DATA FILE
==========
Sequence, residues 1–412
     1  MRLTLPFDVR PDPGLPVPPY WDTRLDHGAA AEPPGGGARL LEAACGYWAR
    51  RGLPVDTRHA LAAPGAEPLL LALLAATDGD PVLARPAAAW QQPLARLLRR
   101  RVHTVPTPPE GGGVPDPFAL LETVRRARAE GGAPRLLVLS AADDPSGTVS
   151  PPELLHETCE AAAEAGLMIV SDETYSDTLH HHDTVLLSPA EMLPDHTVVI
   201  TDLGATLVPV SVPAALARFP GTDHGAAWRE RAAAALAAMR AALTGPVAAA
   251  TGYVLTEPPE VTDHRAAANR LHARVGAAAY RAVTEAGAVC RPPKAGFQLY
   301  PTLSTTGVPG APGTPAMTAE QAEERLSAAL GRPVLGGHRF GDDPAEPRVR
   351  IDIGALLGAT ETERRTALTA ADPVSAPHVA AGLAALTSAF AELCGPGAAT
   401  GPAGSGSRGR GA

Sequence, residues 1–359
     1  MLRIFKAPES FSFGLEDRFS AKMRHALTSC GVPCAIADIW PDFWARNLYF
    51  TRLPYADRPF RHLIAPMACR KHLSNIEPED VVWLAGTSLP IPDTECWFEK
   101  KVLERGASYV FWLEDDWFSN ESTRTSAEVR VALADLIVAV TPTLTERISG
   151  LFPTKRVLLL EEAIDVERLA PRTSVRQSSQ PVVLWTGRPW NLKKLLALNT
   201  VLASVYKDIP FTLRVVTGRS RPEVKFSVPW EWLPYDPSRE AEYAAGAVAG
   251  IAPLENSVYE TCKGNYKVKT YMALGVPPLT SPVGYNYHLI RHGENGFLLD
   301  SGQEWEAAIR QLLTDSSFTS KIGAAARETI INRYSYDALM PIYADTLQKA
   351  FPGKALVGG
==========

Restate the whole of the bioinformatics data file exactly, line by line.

Sequence, residues 1–412
     1  MRLTLPFDVR PDPGLPVPPY WDTRLDHGAA AEPPGGGARL LEAACGYWAR
    51  RGLPVDTRHA LAAPGAEPLL LALLAATDGD PVLARPAAAW QQPLARLLRR
   101  RVHTVPTPPE GGGVPDPFAL LETVRRARAE GGAPRLLVLS AADDPSGTVS
   151  PPELLHETCE AAAEAGLMIV SDETYSDTLH HHDTVLLSPA EMLPDHTVVI
   201  TDLGATLVPV SVPAALARFP GTDHGAAWRE RAAAALAAMR AALTGPVAAA
   251  TGYVLTEPPE VTDHRAAANR LHARVGAAAY RAVTEAGAVC RPPKAGFQLY
   301  PTLSTTGVPG APGTPAMTAE QAEERLSAAL GRPVLGGHRF GDDPAEPRVR
   351  IDIGALLGAT ETERRTALTA ADPVSAPHVA AGLAALTSAF AELCGPGAAT
   401  GPAGSGSRGR GA

Sequence, residues 1–359
     1  MLRIFKAPES FSFGLEDRFS AKMRHALTSC GVPCAIADIW PDFWARNLYF
    51  TRLPYADRPF RHLIAPMACR KHLSNIEPED VVWLAGTSLP IPDTECWFEK
   101  KVLERGASYV FWLEDDWFSN ESTRTSAEVR VALADLIVAV TPTLTERISG
   151  LFPTKRVLLL EEAIDVERLA PRTSVRQSSQ PVVLWTGRPW NLKKLLALNT
   201  VLASVYKDIP FTLRVVTGRS RPEVKFSVPW EWLPYDPSRE AEYAAGAVAG
   251  IAPLENSVYE TCKGNYKVKT YMALGVPPLT SPVGYNYHLI RHGENGFLLD
   301  SGQEWEAAIR QLLTDSSFTS KIGAAARETI INRYSYDALM PIYADTLQKA
   351  FPGKALVGG